It's common, easy, and often necessary to shit on the Democratic Party in the same way it's easy to shit on the Cleveland Browns. The amount of material they give you to work with is…extensive.
As usual, 18 months before the 2020 election kicks off – yes, it'll be here before you know it – lots of names are being thrown out there. And just as usual, the names are often recycled self-nominees or media speculation about candidates with very little track record who look good on paper but may not even be willing to run.
Unless this story is trolling, John Kerry is apparently putting out feelers. Joe Biden too. Maybe Hillary again. Maybe Sanders again.
Now. An important caveat. The Democratic Party as an organization has nothing to do with this. Anyone can say they are thinking about running. Also, don't forget that in this "Invisible Primary" period people gravitate toward names that are familiar. Those names will do well in a hypothetical poll because they're the ones people know.
That said, consider for a moment the current state of Democratic leadership in Congress and prominent (at least in terms of name recognition) maybe-running candidates for 2020: Schumer (age 67), Pelosi (77), Bernie (76), HRC (70), Biden (75), Durbin (74), Steny Hoyer (78), and Kerry (74). All of those people are white. Two are women, one of whom (Pelosi) has never even suggested aspirations beyond the House.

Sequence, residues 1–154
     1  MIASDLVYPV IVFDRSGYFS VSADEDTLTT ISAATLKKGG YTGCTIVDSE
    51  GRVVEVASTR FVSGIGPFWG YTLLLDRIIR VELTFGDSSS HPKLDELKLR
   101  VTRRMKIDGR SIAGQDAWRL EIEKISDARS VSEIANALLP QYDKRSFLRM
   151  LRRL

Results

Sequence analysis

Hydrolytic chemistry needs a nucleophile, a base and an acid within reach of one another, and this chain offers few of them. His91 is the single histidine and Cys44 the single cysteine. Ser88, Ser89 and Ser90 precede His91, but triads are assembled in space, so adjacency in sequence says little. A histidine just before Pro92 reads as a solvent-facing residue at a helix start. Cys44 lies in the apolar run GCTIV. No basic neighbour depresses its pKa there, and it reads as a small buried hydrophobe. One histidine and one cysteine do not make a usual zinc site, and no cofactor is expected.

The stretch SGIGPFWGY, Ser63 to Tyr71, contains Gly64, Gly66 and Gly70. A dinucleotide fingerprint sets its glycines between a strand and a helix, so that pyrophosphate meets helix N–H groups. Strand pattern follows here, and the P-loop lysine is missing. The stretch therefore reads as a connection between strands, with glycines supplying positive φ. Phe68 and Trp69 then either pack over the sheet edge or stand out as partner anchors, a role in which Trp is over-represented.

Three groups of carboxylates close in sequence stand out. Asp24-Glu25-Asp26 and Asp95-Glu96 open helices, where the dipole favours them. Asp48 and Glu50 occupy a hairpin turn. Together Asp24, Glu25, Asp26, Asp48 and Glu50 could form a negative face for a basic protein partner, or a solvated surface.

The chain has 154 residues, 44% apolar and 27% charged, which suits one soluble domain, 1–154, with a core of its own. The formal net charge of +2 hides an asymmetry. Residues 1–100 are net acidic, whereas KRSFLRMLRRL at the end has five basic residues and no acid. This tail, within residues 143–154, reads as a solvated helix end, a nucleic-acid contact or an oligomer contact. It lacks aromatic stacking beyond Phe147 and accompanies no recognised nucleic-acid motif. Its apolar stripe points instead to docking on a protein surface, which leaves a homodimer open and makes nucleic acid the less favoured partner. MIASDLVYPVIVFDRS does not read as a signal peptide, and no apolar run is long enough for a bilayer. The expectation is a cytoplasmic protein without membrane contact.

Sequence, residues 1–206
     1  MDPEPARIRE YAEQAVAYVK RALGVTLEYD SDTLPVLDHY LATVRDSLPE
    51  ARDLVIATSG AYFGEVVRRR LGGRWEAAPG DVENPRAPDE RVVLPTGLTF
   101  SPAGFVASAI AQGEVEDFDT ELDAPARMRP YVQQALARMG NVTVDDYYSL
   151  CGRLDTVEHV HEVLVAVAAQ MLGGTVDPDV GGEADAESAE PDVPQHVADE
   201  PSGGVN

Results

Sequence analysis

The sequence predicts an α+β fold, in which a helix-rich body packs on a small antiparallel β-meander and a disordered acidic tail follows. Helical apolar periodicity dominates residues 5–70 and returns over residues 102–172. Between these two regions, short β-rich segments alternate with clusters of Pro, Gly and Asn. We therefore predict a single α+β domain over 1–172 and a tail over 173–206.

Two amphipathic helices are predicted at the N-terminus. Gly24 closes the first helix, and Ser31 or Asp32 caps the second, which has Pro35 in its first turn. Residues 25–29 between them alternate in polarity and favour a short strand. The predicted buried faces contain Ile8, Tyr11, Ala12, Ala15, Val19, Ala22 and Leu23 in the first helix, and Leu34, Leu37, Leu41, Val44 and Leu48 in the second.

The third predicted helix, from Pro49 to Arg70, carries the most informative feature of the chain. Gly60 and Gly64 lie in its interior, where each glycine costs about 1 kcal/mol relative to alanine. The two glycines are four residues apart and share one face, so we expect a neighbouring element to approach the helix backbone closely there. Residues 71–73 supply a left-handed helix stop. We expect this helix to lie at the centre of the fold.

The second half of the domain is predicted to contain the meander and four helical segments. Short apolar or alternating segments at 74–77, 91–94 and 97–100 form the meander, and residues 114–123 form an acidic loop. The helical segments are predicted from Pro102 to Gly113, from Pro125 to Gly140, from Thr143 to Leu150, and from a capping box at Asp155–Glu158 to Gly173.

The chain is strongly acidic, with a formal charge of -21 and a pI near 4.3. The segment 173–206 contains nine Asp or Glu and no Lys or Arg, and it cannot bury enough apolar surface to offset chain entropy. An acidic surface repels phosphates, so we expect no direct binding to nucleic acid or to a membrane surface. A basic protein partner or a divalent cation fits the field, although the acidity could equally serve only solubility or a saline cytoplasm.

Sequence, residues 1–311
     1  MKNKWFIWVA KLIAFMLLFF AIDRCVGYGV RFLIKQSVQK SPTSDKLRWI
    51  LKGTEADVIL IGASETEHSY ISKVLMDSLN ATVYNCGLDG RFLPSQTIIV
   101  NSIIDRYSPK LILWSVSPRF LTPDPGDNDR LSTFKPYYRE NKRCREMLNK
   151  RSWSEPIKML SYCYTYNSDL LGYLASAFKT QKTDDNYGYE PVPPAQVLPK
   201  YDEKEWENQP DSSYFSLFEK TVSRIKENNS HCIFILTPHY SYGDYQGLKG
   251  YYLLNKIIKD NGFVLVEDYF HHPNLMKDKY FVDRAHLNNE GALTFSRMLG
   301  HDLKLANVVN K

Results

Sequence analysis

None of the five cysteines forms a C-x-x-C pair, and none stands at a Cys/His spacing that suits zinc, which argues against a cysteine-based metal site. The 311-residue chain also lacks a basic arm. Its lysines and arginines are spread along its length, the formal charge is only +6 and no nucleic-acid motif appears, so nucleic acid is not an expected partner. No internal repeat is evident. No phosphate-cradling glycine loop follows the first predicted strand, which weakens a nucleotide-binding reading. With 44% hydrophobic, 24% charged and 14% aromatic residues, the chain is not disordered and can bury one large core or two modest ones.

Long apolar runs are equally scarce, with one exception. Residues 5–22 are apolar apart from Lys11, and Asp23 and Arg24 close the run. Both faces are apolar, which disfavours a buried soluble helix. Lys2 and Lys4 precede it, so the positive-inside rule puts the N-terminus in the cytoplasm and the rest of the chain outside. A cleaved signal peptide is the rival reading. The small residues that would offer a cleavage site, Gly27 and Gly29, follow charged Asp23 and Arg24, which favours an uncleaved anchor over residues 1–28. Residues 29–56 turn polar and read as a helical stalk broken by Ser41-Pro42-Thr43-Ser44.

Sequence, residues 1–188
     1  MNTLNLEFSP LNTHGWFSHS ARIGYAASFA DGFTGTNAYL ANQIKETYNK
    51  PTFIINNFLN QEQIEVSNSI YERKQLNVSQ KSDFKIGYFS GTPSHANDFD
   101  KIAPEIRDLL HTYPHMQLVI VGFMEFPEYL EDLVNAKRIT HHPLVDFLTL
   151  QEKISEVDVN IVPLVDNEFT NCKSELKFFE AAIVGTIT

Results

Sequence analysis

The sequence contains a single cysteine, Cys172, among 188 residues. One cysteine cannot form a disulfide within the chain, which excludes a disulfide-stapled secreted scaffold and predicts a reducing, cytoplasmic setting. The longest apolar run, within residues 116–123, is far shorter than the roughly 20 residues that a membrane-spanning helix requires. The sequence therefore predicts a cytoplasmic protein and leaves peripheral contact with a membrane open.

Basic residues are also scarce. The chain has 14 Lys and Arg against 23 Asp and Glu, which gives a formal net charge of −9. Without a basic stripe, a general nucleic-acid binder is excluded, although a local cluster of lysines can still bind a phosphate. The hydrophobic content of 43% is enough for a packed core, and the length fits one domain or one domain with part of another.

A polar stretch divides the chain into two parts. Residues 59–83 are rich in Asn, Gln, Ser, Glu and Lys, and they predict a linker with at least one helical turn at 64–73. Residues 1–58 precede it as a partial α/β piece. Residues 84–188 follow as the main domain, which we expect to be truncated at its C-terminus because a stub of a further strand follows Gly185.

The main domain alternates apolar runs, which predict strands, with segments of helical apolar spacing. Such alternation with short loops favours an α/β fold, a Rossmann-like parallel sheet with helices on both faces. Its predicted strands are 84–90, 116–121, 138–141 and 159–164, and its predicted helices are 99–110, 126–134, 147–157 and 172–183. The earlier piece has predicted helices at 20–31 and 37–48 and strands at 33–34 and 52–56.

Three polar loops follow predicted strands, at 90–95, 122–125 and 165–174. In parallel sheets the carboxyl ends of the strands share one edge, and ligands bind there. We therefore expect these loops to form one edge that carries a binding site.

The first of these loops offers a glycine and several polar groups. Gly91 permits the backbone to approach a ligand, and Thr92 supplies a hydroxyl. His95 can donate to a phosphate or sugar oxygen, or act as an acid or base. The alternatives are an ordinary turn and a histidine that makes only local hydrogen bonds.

We may reasonably ask if having so much power within the party that is supposed to represent a diverse America better is not helping matters. This is not a shit-fest; all of these people have done good things at some point in their long political careers. But is a retirement-aged white guy really the way forward? For anything?
I don't think this issue is unique to the Democratic Party or even politics. With no disrespect to the more aged and experienced among us, I can't help but feel like the current generation of older people is remarkably unwilling to ride off into the sunset and let The Youths (say, some spry 55 year olds, maybe) take over. Look, that generation had a very long run. It has to end at some point. It is OK to elevate people born after 1960 into leadership roles, in politics and everywhere else.
Part of the problem for the parties, of course, is that younger people today either see life in politics as nightmarish, can't afford the very high cost of entry, or both. Congress has done a very good job, alongside the right-wing media, of making the idea of a career in Washington seem highly unappealing. Why would anyone get into this game to be torn to pieces, threatened by lunatics on the internet, dumped all over, and blocked at every turn by special interests? The only answer is ego. You'd put up with all of that if you had an enormous ego that needed power.
So that guarantees that even if younger people do enter the game they're probably not the kind of person who is likely to do anything to improve it.
Yes, there are younger Democrats who could run in 2020. And people like Biden and Kerry may not be all that serious about trying again. It is a problem that goes beyond the 2020 Democratic candidate pool, though. It's a delicate topic because it makes older people feel stigmatized and attacked, but it's very difficult to rebut the idea that maybe, just maybe, part of the problem with a lot of our institutions is that the powerful people in them are so often so old. Maybe someone with less "experience" (in a broken system) is a logical alternative.
I mean, it couldn't go much worse.